Forests form one of the most important ecological structures along the Mediterranean. They help maintain biodiversity and are crucial to soil and water retention, the most precious natural resources in what is an arid, hot region. Understanding how forests can cope with – and perhaps even help mitigate – the effects of climate change is a major challenge that has the potential to bring huge benefits to the region.
"Many of the forests in Morocco and Tunisia have degraded in recent years due to climate change and local people cutting down trees," explains Marc Palahi of the European Forest Institute in Barcelona. "We have evidence that the temperature in North Africa has risen on average two degrees Celsius, and rainfall is also decreasing and changing its pattern.”
It is not known whether certain tree species will be able to adapt to these accelerated changes. This issue is also of critical importance to Europe, for the climate problems North Africa is currently facing will, on present forecasts, be experienced in countries such as Spain, France and Italy over the next 20 to 30 years.
This is why AGORA, a project funded through FP7’s Research Potential (REGPOT) programme and coordinated by the European Forest Institute, was launched in 2010 to initiate a coordinated approach to forest management throughout the Mediterranean basin. Involving six research institutions from Morocco, Turkey, Portugal, Tunisia, Italy and France, the project is scheduled for completion at the end of 2012.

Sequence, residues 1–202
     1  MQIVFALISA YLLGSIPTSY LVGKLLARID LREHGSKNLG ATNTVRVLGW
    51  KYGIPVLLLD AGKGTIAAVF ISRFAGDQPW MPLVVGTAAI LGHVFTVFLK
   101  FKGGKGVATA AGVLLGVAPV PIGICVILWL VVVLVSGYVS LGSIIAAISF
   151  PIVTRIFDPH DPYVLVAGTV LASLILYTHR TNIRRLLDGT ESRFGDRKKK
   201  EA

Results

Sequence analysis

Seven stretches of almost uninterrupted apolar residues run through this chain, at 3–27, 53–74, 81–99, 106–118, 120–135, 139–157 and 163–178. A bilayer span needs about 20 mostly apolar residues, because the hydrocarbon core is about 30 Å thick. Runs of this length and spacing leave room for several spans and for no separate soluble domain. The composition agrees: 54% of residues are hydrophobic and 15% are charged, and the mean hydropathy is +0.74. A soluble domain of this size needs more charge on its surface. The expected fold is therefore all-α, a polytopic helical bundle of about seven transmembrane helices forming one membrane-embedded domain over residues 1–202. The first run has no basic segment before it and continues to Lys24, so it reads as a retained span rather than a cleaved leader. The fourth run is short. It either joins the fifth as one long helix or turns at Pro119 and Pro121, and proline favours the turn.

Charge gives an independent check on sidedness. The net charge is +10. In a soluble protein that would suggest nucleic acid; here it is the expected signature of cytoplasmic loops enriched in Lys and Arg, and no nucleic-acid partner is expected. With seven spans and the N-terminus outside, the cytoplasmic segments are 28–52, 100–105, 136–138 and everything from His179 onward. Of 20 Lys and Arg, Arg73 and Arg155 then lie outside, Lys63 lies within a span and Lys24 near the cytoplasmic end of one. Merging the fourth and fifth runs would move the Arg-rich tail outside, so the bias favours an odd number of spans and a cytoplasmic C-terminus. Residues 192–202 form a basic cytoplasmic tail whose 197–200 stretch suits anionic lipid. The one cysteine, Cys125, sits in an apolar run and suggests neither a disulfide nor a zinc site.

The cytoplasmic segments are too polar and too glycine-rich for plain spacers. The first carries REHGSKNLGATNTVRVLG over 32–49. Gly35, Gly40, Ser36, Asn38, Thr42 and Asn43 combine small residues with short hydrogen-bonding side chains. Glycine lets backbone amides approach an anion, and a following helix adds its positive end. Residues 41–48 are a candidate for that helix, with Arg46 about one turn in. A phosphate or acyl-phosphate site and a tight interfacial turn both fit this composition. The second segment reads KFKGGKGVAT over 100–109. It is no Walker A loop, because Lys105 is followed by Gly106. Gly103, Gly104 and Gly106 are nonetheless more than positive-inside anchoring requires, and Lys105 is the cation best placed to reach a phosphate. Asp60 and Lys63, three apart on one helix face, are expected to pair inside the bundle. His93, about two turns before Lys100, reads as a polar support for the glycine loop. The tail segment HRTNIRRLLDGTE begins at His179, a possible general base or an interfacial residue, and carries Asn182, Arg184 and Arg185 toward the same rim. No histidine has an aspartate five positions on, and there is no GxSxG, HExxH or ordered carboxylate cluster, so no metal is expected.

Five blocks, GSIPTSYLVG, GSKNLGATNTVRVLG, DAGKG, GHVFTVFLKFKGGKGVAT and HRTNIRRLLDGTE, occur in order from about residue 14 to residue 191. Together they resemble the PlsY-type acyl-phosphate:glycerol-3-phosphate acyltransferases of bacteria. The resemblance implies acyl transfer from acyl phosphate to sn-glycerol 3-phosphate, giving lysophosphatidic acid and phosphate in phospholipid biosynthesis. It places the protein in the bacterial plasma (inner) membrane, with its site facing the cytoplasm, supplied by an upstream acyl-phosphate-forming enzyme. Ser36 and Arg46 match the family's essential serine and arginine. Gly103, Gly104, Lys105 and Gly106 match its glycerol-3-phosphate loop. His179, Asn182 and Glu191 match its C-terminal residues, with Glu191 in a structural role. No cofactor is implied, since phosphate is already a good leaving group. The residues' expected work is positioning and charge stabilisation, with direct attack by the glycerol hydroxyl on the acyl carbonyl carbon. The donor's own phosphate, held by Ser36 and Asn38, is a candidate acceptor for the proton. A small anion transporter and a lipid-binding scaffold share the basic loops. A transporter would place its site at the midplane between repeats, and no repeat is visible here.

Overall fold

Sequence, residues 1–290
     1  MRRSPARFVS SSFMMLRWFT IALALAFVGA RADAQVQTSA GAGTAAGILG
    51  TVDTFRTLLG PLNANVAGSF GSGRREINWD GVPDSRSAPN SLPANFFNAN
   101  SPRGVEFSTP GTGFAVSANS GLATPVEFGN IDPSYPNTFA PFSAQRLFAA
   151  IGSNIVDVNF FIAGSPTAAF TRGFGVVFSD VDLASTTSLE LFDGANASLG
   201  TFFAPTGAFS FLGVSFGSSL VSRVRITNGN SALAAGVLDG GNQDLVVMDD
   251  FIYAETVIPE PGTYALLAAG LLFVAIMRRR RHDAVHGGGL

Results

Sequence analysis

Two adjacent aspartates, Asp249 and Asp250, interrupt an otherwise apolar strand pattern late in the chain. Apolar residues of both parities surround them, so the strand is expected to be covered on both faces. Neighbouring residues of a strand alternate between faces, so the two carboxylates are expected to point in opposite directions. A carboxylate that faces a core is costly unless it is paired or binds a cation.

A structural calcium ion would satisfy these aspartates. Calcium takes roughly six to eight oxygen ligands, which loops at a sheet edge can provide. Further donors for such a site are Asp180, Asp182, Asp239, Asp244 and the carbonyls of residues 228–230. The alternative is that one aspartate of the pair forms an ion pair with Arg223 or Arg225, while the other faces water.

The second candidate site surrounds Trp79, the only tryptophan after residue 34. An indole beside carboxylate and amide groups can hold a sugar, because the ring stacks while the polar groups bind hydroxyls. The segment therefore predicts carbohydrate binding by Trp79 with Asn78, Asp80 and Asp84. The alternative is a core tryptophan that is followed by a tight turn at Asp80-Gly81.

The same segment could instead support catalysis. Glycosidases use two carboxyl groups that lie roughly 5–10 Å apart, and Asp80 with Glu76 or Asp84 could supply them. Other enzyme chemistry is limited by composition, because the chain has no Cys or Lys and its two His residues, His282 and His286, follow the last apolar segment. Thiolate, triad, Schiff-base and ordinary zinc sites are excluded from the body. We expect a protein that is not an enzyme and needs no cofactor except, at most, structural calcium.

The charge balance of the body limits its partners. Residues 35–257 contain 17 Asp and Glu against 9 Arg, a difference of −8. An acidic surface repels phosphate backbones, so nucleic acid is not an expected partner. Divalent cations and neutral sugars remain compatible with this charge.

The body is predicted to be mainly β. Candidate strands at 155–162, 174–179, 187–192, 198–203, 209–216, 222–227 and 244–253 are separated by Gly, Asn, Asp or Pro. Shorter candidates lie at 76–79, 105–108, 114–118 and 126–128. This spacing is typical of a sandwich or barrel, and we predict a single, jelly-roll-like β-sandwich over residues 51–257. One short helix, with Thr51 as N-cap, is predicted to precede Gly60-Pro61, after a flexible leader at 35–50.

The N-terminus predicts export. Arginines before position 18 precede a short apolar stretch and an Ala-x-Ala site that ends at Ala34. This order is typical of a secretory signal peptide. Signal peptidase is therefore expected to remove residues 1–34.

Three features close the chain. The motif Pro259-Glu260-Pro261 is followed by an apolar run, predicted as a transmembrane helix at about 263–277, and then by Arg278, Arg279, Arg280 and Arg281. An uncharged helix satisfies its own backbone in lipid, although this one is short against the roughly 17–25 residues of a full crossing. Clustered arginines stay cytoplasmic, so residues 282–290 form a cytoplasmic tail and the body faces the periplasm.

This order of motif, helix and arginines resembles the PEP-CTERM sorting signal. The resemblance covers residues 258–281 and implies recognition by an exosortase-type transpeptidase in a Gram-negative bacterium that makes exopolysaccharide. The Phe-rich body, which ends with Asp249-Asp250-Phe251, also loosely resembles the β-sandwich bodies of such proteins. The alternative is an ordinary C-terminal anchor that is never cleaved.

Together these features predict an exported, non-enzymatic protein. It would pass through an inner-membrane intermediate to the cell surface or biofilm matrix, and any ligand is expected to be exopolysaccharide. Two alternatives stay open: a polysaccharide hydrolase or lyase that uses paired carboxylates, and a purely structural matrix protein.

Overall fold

“The main aim of AGORA is to improve the scientific knowledge and capabilities in Morocco and Tunisia, with regard to sustainable management of their forests,” continues Palahi. "We are not training people in how to manage forests; we are preparing the scientists to be able to instruct decision-makers and managers in how to manage a forest."
Central to the project’s success to date has been the encouragement of "twinning" between leading scientific organisations in Europe and similar institutions in Morocco and Tunisia. Here, the project has proved very successful. "AGORA has emerged as a dynamic platform, allowing communication among scientists from all these countries."
Although historically Germany was the role model for forest management, some techniques have not been readily applicable to the Mediterranean. "The challenge is to change this paradigm of forest management and really address the nature and specificities of the forests in our region," Palahi adds.
By doing so, new tools specific to managing the Mediterranean environment have successfully been developed. Unlike northern boreal forests, which are mainly exploited for timber, Mediterranean forests have a number of functions. "We get a lot of different products, from cork to mushrooms to aromatic plants,” says Palahi. “Forests also play an important role in the control of land erosion and water resources, and therefore we need a new approach to forest management."
AGORA has already proved its worth in Morocco and Tunisia, and has also opened up new horizons for young ambitious researchers in the region. "We found good young scientists,” Palahi explains, “and for the first time, 22- to 23-year-olds are going abroad to study and do research; for them it is an amazing opportunity.”
The long-term impact of the project will be coordinated forest research partnerships between centres of excellence in the Mediterranean and beyond, resulting in improved scientific relationships, networking and the exchange of know-how and experience. In fact, the scheme has been so successful to date that the Commission has already approved a follow-up programme, called Foresterra (Enhancing forest research in the Mediterranean through improved coordination and integration), which involves the other Mediterranean countries.